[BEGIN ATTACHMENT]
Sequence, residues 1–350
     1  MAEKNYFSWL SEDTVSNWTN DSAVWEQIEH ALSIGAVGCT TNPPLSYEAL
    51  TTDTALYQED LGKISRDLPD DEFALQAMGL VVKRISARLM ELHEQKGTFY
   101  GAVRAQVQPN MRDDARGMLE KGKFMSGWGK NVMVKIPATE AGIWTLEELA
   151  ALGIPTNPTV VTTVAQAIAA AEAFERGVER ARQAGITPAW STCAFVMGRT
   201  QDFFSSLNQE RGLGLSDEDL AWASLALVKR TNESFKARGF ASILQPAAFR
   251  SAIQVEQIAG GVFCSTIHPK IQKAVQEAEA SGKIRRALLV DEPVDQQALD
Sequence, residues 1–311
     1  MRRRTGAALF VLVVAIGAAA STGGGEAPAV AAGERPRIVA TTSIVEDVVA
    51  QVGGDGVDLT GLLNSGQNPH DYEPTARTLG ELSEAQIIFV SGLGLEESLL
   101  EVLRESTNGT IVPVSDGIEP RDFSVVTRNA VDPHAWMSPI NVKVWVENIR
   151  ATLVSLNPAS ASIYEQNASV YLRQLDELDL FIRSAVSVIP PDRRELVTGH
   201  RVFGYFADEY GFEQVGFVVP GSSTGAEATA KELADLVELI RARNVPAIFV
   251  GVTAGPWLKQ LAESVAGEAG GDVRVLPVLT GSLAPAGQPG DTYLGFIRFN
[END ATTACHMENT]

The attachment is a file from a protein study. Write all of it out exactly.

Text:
Sequence, residues 1–350
     1  MAEKNYFSWL SEDTVSNWTN DSAVWEQIEH ALSIGAVGCT TNPPLSYEAL
    51  TTDTALYQED LGKISRDLPD DEFALQAMGL VVKRISARLM ELHEQKGTFY
   101  GAVRAQVQPN MRDDARGMLE KGKFMSGWGK NVMVKIPATE AGIWTLEELA
   151  ALGIPTNPTV VTTVAQAIAA AEAFERGVER ARQAGITPAW STCAFVMGRT
   201  QDFFSSLNQE RGLGLSDEDL AWASLALVKR TNESFKARGF ASILQPAAFR
   251  SAIQVEQIAG GVFCSTIHPK IQKAVQEAEA SGKIRRALLV DEPVDQQALD
Sequence, residues 1–311
     1  MRRRTGAALF VLVVAIGAAA STGGGEAPAV AAGERPRIVA TTSIVEDVVA
    51  QVGGDGVDLT GLLNSGQNPH DYEPTARTLG ELSEAQIIFV SGLGLEESLL
   101  EVLRESTNGT IVPVSDGIEP RDFSVVTRNA VDPHAWMSPI NVKVWVENIR
   151  ATLVSLNPAS ASIYEQNASV YLRQLDELDL FIRSAVSVIP PDRRELVTGH
   201  RVFGYFADEY GFEQVGFVVP GSSTGAEATA KELADLVELI RARNVPAIFV
   251  GVTAGPWLKQ LAESVAGEAG GDVRVLPVLT GSLAPAGQPG DTYLGFIRFN